This book is a perfect complement to Anne Branscomb's, and provides a well-told tale, researched in partnership with a private investigator, of just what can be gotten on you through the electronic web within which we all live our lives. This book is the tactical gutter in your face version, Branscomb's book is the academic dissection.
What Universities Might Do Better for Their Communities,
April 7, 2000
Mary Lindenstein Walshok
An industrial sociologist by training, now Associate Vice Chancellor for Extended Studies and Public Service at the University of California, San Diego (UCSD), Walshok begins by challenging universities, exploring the social uses of knowledge, assessing the new knowledge needs of diverse populations, and providing a matrix approach to matching university resources to community knowledge needs. In the second half of the book she focuses on special economic, human, and civic benefits, and ends with her bottom line: neither communities, nor universities, can learn in isolation.
I was given this book at Hacker's (the MIT/Silicon Valley legal and largely very rich group, of which I am an elected member) by a NASA engineer, went to bed, could not get the book out of mind, got up, and read it through the night. If it were not for the fact that Intelink is largely useless to the rest of the world and soon to be displaced by my own and other “extranets”, this book would be triumphal. As it is, I consider it an extremely good baseline for understanding the good and the bad of how the U.S. Intelligence Community addresses the contradictions between needing access to open sources and emerging information technologies while maintaining its ultra-conservative views on maintaining very restricted access controls to everything and everyone within its domain. I have enormous regard for what these folks accomplished, and wish they had been able to do it openly, for a much larger “virtual intelligence community” willing and able to share information. For a spy, information shared is information lost-until they get over this, and learn that information not only increases in value with dissemination but is also a magnet for 100 pieces of information that would never have reached them otherwise, the U.S. Intelligence Community will continue to be starved for both information and connectivity….an SGML leper in an XML world.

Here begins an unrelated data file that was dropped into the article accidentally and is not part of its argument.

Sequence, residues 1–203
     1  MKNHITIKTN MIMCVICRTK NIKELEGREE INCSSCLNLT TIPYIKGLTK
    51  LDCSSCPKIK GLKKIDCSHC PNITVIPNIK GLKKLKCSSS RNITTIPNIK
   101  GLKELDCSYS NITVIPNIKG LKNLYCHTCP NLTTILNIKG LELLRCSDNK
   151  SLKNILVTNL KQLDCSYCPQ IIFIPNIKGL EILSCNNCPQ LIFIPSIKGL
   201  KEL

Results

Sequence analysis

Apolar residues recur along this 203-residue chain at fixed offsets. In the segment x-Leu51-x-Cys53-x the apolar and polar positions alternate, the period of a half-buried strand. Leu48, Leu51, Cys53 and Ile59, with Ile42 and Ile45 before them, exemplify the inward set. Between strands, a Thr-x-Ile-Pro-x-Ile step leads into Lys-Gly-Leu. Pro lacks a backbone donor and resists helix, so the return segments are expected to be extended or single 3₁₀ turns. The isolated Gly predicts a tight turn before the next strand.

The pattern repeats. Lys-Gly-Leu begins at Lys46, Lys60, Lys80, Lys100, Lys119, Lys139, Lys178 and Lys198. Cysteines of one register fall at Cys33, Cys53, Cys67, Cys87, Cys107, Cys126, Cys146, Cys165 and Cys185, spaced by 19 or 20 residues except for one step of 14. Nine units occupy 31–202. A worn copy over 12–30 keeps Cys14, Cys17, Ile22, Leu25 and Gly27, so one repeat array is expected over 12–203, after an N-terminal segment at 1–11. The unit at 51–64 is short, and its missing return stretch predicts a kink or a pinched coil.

Solid Basic of Starting an Information Brokering Business,
April 7, 2000
In contrast to Mary Ellen's book, this book is actually for self-starters who are thinking about creating their own small business and covers such excellent basics as the market for information, what an information broker does, the pros and cons of the information business, and then the tools, followed by chapters on marketing, pricing, and project management. Although seven years old now, I still regard this as a good starting point for those who would understand the information brokering business (a small niche within the larger open source intelligence business).
This is an even-tempered book, combining a good primer of the nature of the intelligence process with some analytically-oriented thoughts on needed improvements. Their appendix listing things that can go wrong at each step of the intelligence cycle is of lasting value, as is their glossary. Their forthcoming book, Best Truth: Intelligence in the Information Age (Yale, April 2000) will assuredly be a major contribution.
This is an excellent elementary text for the average college student. Over-all it is strong on issues of analysis, policy, and oversight, and weak on collection, covert action, and counterintelligence. The chapter on collection has a useful figure comparing the advantages and disadvantages of the five collection disciplines, and but does not get into the detail that this aspect of the intelligence community-80% of the annual expense-merits.
Mark is arguably America's foremost intelligence historian, and especially strong on analysis and oversight. The seventy-page bibliography he has put together is useful. There are other much longer annotated bibliographies, but this one reflects value in its selection and conciseness.